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What’s inside your computer (INFOGRAPHIC)

Some of you who have a traditional “three-piece” desktop computer system where there is a separate box where all the activity takes place, may refer to this box of your computer setup as the “hard disk” even though it is known as a “system unit”. This is because the hard disk, amongst the other key computing subsystems like the CPU processor and the RAM exists in that box.

This infographic shows what the key parts of your computer are and is based on one of the newer small-form-factor designs that are common in the office and home.

Desktop computer system unit - inside view

What’s inside your computer

 

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Consumer Electronics Show 2017–Accessories and the Home Network

In this article about the Consumer Electronics Show 2017 that occurred in Las Vegas, Nevada, I will be covering the trends affecting computer peripherals and accessories and the home network.

1: Computer Trends

2: Accessories And The Home Network

Peripherals and Accessories

A very dominant usage case being highlighted for laptops and 2-in-1 computers is the creation of a fully-fledged workstation at your main workspace or game-playing space. This involves connecting the portable computer to at least one larger-sized screen along with a desktop-grade full-size keyboard and mouse. Such workstations may even be the place where you connect extra non-portable storage devices like USB hard disks or optical drives or connect to your network via a blue Ethernet cable rather than the Wi-Fi wireless connection for improved reliability.

Lenovo ThinkPad X1 Carbon USB-C Thunderbolt-3 detail image - press picture courtesy of Lenovo USA

USB Type-C or Thunderbolt 3 ports will be seen as the way to connect expansion docks, peripherals and the like to your laptop

The USB-C connector and its higher-speed variant, the Thunderbolt 3 connector have been valued as a way to provide a single-cable connection option between your laptop and the normally-sessile peripherals once you used an expansion module, commonly known as a docking station or dock. Here, you would connect all the peripherals to this expansion module then connect your laptop computer to that same device via USB-C or Thunderbolt. This is also underscored by a significant number of these devices being equipped with USB Power Delivery to power the portable computer from that same device, underscoring that “one cable to connect” goal.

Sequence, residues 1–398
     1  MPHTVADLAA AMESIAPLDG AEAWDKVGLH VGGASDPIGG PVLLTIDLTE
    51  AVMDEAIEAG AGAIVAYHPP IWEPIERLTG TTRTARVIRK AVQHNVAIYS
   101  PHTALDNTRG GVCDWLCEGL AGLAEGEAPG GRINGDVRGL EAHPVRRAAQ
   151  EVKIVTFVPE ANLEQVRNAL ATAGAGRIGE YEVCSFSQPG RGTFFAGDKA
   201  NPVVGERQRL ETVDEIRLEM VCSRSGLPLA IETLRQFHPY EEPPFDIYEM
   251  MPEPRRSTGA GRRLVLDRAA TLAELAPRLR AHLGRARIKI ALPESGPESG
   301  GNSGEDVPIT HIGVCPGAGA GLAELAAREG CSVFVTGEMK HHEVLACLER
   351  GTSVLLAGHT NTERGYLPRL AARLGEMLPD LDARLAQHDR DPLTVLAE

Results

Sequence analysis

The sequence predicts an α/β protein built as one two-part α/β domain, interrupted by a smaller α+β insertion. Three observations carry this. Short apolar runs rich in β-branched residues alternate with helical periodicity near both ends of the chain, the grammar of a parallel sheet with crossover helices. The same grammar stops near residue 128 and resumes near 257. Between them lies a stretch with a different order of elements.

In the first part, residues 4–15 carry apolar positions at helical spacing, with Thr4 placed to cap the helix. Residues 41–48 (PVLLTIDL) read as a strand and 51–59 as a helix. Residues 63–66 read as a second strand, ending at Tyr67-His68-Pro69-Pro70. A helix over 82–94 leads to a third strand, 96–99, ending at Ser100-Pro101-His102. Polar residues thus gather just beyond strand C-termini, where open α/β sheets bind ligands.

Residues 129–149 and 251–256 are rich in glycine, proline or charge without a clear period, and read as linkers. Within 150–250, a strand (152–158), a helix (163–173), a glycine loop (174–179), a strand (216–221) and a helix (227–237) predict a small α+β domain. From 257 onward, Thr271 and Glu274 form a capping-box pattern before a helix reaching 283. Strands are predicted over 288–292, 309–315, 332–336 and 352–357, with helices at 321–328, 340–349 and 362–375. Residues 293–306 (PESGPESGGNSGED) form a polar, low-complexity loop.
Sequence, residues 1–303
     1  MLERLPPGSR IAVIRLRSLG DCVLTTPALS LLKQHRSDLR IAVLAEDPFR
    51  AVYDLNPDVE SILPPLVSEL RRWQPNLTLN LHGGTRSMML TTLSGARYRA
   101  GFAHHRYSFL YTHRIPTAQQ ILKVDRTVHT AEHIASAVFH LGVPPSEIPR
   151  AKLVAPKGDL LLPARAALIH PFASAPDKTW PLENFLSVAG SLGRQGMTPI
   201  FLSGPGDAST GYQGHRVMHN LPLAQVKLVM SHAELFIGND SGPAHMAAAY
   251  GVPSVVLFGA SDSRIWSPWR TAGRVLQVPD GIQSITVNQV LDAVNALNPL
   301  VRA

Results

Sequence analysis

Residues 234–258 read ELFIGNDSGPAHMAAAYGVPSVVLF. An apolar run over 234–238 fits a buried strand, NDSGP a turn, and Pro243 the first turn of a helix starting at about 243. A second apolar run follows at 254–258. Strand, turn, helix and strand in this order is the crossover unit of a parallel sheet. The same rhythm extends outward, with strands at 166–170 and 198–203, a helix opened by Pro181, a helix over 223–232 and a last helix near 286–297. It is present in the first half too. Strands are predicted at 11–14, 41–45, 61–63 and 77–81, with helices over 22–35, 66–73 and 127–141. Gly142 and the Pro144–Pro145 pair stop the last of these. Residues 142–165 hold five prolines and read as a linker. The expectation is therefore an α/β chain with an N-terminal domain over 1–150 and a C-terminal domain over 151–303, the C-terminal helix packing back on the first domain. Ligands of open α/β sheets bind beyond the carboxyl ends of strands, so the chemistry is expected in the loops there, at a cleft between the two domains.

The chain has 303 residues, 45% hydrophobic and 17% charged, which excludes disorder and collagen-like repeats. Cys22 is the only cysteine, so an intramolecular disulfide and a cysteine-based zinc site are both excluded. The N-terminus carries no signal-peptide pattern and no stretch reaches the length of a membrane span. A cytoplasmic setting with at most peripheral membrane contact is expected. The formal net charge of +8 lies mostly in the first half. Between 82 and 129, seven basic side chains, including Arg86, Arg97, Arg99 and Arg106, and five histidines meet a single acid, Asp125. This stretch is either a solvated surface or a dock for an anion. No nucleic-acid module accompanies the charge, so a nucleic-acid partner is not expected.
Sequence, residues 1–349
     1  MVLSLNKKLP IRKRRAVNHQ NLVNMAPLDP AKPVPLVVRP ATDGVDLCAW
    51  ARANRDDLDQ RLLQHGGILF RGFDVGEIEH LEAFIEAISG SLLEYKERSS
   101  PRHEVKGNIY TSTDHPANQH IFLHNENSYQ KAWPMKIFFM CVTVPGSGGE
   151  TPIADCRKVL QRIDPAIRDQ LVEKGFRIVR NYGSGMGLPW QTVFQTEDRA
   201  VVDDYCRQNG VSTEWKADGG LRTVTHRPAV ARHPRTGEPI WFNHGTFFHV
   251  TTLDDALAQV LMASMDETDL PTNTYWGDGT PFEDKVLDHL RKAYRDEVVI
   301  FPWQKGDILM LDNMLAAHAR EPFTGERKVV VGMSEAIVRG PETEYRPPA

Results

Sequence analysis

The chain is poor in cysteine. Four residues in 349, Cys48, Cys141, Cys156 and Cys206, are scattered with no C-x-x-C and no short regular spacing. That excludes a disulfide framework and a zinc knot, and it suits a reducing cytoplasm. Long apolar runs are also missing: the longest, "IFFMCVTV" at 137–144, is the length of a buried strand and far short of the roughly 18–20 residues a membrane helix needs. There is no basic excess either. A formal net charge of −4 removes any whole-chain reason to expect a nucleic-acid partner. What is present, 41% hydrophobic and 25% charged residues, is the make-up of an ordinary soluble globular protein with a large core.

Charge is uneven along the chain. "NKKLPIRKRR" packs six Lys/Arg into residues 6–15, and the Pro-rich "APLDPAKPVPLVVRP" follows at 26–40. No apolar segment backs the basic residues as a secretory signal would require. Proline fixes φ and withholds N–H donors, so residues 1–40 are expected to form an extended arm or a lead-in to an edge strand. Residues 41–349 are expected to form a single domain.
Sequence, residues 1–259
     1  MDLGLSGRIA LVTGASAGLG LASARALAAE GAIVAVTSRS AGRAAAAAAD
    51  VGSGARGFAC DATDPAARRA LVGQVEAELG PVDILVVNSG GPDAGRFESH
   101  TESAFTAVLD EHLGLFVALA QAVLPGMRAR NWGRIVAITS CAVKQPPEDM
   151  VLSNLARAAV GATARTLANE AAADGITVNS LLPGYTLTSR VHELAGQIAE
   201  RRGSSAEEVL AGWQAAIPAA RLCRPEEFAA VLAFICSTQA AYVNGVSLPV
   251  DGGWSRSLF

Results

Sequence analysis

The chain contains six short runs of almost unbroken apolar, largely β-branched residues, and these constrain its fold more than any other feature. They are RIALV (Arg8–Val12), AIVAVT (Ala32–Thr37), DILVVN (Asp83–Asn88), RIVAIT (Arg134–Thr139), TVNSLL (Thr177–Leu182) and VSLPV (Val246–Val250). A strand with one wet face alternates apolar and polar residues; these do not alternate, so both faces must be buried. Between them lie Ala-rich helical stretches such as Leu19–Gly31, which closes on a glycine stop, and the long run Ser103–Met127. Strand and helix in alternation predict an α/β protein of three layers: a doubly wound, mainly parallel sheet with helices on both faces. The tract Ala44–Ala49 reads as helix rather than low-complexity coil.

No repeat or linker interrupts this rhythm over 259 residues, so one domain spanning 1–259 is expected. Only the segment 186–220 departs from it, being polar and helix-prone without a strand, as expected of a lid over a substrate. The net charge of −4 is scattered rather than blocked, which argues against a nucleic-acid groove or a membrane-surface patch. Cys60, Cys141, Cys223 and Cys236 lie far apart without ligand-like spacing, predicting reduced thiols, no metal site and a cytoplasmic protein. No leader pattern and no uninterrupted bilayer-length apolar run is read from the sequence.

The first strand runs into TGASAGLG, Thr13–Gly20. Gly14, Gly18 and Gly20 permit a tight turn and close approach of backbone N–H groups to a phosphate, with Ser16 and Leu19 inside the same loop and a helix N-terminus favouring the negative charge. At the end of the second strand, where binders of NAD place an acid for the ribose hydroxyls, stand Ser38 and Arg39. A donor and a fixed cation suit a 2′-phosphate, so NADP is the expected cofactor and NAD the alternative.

Let’s not forget that some manufacturers are integrating this “dock” functionality in to some of their display monitors so that these screens are where you can connect your keyboard, mouse and external hard disk.

Lenovo had pitched the ThinkVision P24h and P27h monitors which have a qHD (2560×1440) display resolution and an sRGB high colour gamut “out of the box”. These monitors, with the super-narrow bezel, implement a USB-C connection to the host computer facilitating a DisplayPort 1.2 connection, the data connection, and a Power Delivery connection with a power budget of 45W, along with a four-port self-powered USB hub.

LG's 32" 4K monitor with HDR10 - press picture courtesy of LG USA

LG’s 32″ 4K monitor with HDR10

LG had teased a 32” 4K monitor which has the narrow bezel and can handle HDR10 video but also offer this similar USB-C connectivity and USB hub. They also tweaked the monitor’s integral speakers for that bit of extra “kick” from the bass. They also are pleasing the gamer clans by offering the UltraFine 34” 5K and 4K UHD gaming monitors with features like AMD’s FreeSync technology and 1ms motion-blur reduction.

Dell had advanced a range of monitors including the UltraSharp 32” 8K UHD model and the 27” Ultrathin monitor which has its electronics housed in its base. This monitor implements USB-C connectivity to the host along with a QHD display.

Dell UP3218K 8K 32" monitor press image courtesy of Dell

It’s not 4K resolution in this Dell 32″ monitor, it is 8K resolution

They even advanced the 24” Touch monitor with an integral 10-point touchscreen along with the 24” Video Conferencing Monitor which has an integral Full-HD IR Webcam that has a privacy shutter. This monitor’s camera also adds on support for facial-recognition login under Windows Hello while the sound is catered for with a pair of 5-watt speakers and a noise-cancelling microphone built in.

Dell S2718D 27" slimline monitor press image courtesy of Dell

Dell’s slimline 27″ monitor with its electronics in its base

Even households aren’t left out with a range of monitors from Dell that are designed with aesthetics and high-grade on-screen experiences. For example, the Dell 24 and 27 monitors (S2418HX / S2718HX) implement the ultra-narrow-bezel design being implemented in most of Dell’s laptops and all-in-ones plus the ability to support HDR along with Waves.Maxx sound tuning.

For those of us who have a screen that currently “ticks the boxes” for our computing experience at our desks, most of the manufacturers are offering highly-capable Thunderbolt 3 and USB-C docks. Remember that you can daisy-chain 6 Thunderbolt-3 peripherals from the same Thunderbolt-3 bus, which can open up a range of possibilities.

For example, Lenovo and Dell are offering these expansion modules as part of their official accessory lineups. Lenovo’s contribution is in the form of the ThinkPad Thunderbolt 3 dock (US279) with video connectivity in the form of 2 DisplayPort, HDMI and VGA ports; 5 USB 3.0 ports; audio jack for those speakers; a Gigabit Ethernet port; and USB Power Delivery for the host computer with a power budget of 60 watts. There is a USB-C variant that offers similar functionality for computers not equipped with Thunderbolt 3 connectivity.  But Belkin have previewed the Thunderbolt 3 version of their original Thunderbolt 2 Express Dock, which will have 3 USB-3 connections, 2 Thunderbolt 3 / USB-C connections, two audio connections, a DisplayPort video connection and a Gigabit Ethernet connection. This device can supply a USB Power Deliver power-demand of 85 watts, again reducing the need for extra power supplies for your computer.